Role of Notch-1/PLA2-IIA in Oral Dysbiosis, Inflammation, and Periodontal Disease

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Role of Notch-1/PLA2-IIA in oral dysbiosis, inflammation, and periodontal disease Project Summary/Abstract The mechanisms by which mucosal responses to the microbiota in the presence of specific pathogenic bacterial species (e.g. P. gingivalis-Pg), could abrogate the host-microbe symbiotic relationship leading to dysbiosis and inflammatory disease remain not fully understood. Our pioneering R21 studies demonstrated that Pg-induced phospholipase A2 group IIA (PLA2-IIA), in a mechanism that involves activation of Notch-1 receptor (N1R) by Pg gingipains, modulates the antimicrobial properties of oral epithelial cells (OECs). This is consistent with in vivo and clinical evidence supporting the potent (ng/mL) antimicrobial effects of PLA2-IIA. Noteworthy, oral bacterial species exhibited differential antimicrobial susceptibility to PLA2-IIA. Moreover, gingival PLA2-IIA expression and N1R activation were elevated during initiation and progression of periodontal disease, which was concurrent with oral dysbiosis in non-human primates. In agreement with these observations, new preliminary studies using mice models demonstrated increased gingival PLA2-IIA expression and N1R activation early after Pg infection. Remarkably, the oral microbiome of transgenic mice overexpressing PLA2-IIA (PLA2-IIA-Tg) exhibited significant differences in the abundance of bacterial species (decreased Firmicutes and increased Proteobacteria) compared to their wild type co-caged littermates. Oral dysbiosis in PLA2-IIA-Tg mice was associated with changes in the gingival expression of genes involved in intracellular sensing (NOD2), classical antimicrobial factors (S100a8/S100a9, hBD1), and M1/M2 macrophage chemokines. N1R is a critical modulator of mucosal immunity; therefore, the ability of Pg to activate N1R in OECs is an exciting and innovative observation. Preliminary data suggested that other OEC functions/responses (bacterial sensing, apoptosis, and autophagy) could involve Pg-induced N1R activation. Based on this evidence, we hypothesize that activation of Notch-1/PLA2-IIA pathway in gingival epithelial surfaces would be an innovative and plausible mechanism by which pathogens such as Pg could specifically enhance oral dysbiosis, inflammation and periodontal disease. To test this hypothesis, we propose three specific aims: (i) To determine the role of PLA2-IIA in Pg-induced oral dysbiosis, inflammation and periodontal disease, (ii) To determine the role of epithelial Notch-1 in Pg-induced PLA2-IIA and periodontitis, and (iii) To identify and validate oral epithelial innate responses modulated by Pg through Notch-1 activation. To address these knowledge gaps, we will use the Pg-induced periodontitis oral gavage model in mouse strains with or without a natural PLA2-IIA mutation, PLA2-IIA-Tg mice with their WT littermates, epithelial-specific N1R deficient mice, as well as OEC cultures to validate the role of this pathway in Pg-induced oral dysbiosis and periodontal disease. These findings will enable a better understanding of the cellular and molecular mechanisms that are specifically modulated by pathogens to alter microbial communities at mucosal surfaces as well as contribute to the evidence for future research designed to determine the role of N1R in oral health and other diseases (e.g., oral cancer).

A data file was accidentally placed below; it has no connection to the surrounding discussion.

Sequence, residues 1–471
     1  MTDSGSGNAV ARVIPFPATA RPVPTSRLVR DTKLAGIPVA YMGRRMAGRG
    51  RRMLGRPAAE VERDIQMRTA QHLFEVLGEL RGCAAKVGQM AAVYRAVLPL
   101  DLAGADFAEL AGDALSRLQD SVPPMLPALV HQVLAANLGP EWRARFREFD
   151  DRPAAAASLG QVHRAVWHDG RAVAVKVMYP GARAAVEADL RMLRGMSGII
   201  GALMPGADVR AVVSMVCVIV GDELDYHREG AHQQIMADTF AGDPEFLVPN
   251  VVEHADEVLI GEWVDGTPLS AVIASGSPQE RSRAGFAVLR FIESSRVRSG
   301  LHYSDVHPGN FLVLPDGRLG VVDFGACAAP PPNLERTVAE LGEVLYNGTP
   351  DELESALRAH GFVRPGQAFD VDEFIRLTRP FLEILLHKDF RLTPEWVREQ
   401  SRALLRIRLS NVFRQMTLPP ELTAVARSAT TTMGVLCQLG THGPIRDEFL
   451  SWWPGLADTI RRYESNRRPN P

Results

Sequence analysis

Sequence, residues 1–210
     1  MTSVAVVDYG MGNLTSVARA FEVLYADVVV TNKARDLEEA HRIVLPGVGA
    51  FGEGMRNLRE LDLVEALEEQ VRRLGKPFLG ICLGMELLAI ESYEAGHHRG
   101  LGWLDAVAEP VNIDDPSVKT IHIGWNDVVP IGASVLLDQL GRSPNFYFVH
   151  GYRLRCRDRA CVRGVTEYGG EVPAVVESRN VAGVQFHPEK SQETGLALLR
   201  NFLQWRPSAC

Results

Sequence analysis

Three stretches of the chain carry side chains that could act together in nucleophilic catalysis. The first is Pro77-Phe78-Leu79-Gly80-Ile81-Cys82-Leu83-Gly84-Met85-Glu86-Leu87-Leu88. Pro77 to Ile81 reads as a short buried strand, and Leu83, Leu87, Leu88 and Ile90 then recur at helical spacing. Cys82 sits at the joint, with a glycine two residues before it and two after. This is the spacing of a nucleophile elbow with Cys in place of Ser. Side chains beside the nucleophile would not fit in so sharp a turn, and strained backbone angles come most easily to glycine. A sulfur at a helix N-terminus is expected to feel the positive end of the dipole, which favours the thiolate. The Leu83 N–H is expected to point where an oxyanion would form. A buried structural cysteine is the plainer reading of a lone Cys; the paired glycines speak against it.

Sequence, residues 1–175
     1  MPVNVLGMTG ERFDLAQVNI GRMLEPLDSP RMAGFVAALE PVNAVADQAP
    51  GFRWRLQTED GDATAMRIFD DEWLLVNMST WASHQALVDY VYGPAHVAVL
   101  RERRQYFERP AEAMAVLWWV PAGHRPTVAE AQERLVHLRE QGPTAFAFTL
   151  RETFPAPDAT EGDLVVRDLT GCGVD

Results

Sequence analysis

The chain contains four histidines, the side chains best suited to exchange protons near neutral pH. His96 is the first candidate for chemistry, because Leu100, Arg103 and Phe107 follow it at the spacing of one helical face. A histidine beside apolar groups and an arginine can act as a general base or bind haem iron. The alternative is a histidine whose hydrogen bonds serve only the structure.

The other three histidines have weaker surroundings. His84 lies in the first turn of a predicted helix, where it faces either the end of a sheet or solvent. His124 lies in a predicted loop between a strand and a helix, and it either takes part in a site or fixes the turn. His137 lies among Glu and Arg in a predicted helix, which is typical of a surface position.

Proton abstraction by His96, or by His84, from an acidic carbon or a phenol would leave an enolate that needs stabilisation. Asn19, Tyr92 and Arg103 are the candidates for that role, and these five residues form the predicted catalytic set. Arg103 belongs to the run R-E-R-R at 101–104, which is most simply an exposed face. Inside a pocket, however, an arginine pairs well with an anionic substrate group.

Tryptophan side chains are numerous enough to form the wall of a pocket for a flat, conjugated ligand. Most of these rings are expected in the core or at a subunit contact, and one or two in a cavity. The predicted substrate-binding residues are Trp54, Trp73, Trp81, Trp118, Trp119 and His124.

Effective start/end date8/1/214/30/26


  • National Institute of Dental and Craniofacial Research: $1,648,924.00


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